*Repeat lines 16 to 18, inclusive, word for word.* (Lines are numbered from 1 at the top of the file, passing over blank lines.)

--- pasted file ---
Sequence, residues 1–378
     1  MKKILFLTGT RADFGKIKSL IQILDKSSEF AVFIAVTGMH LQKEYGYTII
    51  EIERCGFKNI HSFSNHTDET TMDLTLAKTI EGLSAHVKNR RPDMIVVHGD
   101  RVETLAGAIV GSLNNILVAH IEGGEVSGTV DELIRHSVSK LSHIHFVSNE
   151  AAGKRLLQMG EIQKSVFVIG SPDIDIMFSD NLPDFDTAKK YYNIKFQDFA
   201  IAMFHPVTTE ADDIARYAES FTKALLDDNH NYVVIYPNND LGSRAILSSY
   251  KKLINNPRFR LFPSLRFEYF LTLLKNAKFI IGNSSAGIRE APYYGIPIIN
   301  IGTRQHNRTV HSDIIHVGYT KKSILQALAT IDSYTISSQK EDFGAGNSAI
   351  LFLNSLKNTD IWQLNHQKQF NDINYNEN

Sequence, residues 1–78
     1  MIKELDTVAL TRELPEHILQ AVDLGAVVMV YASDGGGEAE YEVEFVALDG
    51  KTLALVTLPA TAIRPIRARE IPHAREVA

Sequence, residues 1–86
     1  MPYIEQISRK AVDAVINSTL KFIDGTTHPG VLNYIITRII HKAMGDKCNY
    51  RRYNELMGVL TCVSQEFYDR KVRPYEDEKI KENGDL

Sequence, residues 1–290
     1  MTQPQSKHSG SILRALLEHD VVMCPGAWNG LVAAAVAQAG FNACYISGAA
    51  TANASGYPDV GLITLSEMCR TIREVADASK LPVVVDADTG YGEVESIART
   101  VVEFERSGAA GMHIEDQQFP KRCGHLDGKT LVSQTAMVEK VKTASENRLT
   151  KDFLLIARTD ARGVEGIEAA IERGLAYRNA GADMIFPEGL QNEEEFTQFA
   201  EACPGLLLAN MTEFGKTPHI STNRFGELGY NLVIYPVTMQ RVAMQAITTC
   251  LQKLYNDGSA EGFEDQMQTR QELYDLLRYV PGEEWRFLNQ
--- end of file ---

Sequence, residues 1–290
     1  MTQPQSKHSG SILRALLEHD VVMCPGAWNG LVAAAVAQAG FNACYISGAA
    51  TANASGYPDV GLITLSEMCR TIREVADASK LPVVVDADTG YGEVESIART